These tools make each interaction from your sales team highly-tailored and more specific. It means your sales team is more likely to grab a prospect’s attention than they ever could with a generic pitch used over and over again.
There aren’t any set rules on what you can and can’t track. Although, we can give you some useful examples to lead you on the right path so you can decide which sales trigger events will be worthwhile down the line.
Check them out below and the tools you can use to track the events...
Although a prospect physically looking at an email your sales team has sent isn't a trigger event for them as much as it is for you, it’s a great opportunity to hold their attention for even longer after you’ve already grabbed it one.
You can track this event using HubSpot Sales.
If your prospect or the company they work for is getting recognition, such as winning an award, then it’s the perfect chance to reach out while they’re riding a wave of success. You can inform them on how you can help them stay ahead of the competition.
This event can be tracked using tools like Google Alerts or even keeping up to date with industry news and press releases.
If you’ve already worked with a satisfied lead before and they receive a promotion, for example, then you can keep that flywheel turning by having your sales team reach out and asking if they’d want your service along for the ride.
It’s a good opportunity to remind them of how your team made them look good in their last role, so bringing you along again could help achieve the same.
You’re likely to find prospects use social media channels like LinkedIn to announce the great news of a promotion or new job role, so check out social media channels they use the most.
This all depends on your prospect. Some won’t publicly announce that their current provider isn’t working out while others won’t waste time letting their followers know. If you notice some dissatisfaction, use that chance for your sales team to swoop in, empathise and explain how you can help in a better way.
To track this event, keep an eye on social media or even industry news for articles or blog posts that signal a sour relationship.
Let’s say you’re selling a popular car and a prospect is posting several articles on social media about that car, how amazing it is, how much they want it and other people should buy it. It shows that they’re interested and they want the whole world to know.
That’s why your sales team should monitor what your prospects are sharing on social media, posting, liking and everything in between on several social media networks.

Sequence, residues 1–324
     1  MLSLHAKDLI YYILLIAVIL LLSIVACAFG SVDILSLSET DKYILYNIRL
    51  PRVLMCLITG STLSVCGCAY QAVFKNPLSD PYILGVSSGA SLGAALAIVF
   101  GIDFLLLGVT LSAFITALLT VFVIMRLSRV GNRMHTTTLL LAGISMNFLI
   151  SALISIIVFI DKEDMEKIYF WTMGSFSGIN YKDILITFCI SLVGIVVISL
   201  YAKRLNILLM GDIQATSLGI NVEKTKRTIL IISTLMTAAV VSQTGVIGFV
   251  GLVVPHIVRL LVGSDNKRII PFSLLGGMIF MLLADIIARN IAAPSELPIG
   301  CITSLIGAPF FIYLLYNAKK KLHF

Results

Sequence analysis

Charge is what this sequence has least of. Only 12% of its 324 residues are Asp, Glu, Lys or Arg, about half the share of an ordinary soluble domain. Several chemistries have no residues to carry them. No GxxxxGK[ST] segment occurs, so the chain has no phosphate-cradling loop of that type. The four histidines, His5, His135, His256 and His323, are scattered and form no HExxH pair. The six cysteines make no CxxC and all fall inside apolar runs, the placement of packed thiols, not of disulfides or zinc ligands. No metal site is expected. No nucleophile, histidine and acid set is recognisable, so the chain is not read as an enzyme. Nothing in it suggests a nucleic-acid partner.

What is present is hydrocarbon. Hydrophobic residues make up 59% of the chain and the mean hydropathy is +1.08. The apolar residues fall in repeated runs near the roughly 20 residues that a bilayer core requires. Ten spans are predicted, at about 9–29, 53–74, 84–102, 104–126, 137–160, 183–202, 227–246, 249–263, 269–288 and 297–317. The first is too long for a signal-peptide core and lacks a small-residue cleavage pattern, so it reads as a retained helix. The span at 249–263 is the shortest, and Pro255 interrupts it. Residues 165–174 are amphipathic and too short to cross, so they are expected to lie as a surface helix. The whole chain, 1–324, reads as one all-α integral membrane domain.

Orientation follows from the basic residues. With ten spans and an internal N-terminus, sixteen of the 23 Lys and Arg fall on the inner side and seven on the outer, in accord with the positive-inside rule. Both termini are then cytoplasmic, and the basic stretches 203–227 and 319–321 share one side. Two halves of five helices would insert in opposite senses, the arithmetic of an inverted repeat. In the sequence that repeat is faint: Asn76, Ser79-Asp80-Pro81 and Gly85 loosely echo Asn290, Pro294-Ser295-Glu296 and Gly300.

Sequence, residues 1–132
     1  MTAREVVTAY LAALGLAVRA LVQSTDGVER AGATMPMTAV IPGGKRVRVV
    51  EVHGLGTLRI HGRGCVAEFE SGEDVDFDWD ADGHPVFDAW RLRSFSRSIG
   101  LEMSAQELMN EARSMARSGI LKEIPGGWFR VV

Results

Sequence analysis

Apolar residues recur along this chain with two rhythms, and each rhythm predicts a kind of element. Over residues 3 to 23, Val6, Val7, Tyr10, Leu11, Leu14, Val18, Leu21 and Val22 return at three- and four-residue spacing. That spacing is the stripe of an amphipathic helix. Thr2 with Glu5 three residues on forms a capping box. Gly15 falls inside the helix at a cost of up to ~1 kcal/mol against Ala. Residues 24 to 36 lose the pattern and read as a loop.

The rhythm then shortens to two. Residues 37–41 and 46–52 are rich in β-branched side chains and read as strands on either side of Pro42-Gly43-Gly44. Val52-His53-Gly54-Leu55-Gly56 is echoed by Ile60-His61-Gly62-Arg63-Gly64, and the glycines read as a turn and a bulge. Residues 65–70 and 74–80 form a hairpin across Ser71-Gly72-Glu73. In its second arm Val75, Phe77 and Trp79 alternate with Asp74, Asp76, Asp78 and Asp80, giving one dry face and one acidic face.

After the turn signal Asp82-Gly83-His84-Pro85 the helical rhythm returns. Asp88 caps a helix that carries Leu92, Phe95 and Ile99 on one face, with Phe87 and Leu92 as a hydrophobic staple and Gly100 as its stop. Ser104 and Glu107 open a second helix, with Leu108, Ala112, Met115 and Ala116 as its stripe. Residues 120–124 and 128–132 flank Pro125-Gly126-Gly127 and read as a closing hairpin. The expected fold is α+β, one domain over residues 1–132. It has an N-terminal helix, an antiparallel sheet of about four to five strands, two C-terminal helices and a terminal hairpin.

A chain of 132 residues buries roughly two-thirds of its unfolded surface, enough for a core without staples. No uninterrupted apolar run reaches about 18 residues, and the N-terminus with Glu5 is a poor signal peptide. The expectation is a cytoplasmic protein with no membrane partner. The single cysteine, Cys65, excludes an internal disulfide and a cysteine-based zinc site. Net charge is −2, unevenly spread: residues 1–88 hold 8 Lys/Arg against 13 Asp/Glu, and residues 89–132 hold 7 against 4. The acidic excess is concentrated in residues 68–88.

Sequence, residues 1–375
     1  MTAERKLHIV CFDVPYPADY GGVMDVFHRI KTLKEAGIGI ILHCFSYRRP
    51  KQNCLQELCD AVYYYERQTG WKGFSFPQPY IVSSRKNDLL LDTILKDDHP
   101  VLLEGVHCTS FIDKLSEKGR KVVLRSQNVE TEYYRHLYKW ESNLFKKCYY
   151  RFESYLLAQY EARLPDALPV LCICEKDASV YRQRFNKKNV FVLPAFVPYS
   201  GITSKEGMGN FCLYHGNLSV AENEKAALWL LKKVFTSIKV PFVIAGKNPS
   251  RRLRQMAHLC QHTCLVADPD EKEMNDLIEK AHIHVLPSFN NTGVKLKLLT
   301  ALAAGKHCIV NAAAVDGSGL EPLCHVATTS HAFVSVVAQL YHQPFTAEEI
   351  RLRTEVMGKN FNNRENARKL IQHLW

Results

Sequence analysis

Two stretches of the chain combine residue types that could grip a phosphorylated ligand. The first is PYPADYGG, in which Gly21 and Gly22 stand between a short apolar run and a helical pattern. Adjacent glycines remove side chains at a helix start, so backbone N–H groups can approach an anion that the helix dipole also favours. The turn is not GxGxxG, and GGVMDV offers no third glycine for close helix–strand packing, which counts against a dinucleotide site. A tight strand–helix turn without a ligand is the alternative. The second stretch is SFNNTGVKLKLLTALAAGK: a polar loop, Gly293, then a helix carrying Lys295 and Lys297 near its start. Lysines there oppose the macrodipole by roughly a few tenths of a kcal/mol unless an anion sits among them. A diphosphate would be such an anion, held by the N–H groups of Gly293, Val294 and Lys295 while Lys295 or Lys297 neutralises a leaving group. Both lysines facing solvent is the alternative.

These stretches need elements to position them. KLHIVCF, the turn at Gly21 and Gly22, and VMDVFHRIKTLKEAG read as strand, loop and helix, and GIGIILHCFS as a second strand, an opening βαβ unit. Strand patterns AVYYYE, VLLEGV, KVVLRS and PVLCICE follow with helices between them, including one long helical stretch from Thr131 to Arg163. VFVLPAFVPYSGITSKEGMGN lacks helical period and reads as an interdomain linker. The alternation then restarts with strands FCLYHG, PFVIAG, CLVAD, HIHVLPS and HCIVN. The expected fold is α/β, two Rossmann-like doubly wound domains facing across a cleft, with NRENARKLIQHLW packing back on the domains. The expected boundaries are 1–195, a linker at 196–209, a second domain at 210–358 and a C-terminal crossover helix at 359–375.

If it just so happens that a prospect is talking about your products or services, then your sales team will know that they can help in the right way because they’ve been tracking their social media activity.
To track this event, your sales team will need to track various social media channels, depending on the ones that your prospects are using the most.
We could sit here all day and explain every single sales trigger event your sales team can track. The five above are good examples of where to start, but here are some other event examples you and your sales team might consider looking into - or even come across your own:
Major industry developments.
Mergers and acquisitions.
New products or service announcements.
Large customer announcements.
Entrance into a new market.
Again, these are just some examples of events your sales team can track. All of them will need different tools ranging from Google Alerts to simply keeping an eye on social media platforms.
By now, it’s clear just how beneficial using sales trigger events can be as a technique when approaching prospects. However, sales trigger events combined with sales and marketing alignment, automation, a lead qualification process and so much more are just small chunks of a bigger process called sales enablement.
Sales enablement is basically a process featuring tools and techniques that will help your sales team close leads and successfully engage buyers. Obviously, we can’t fit everything about sales enablement here, so we’ve created a free and comprehensive guide you can download so it’s easier to understand the entire process.
The eBook covers a range of topics, from how you can align your sales and marketing teams, tips on increasing sales productivity, how sales enablement actually works and so much more. Until that's ready, why not join our private Facebook group? We regularly share news and updates about all things sales enablement and inbound marketing.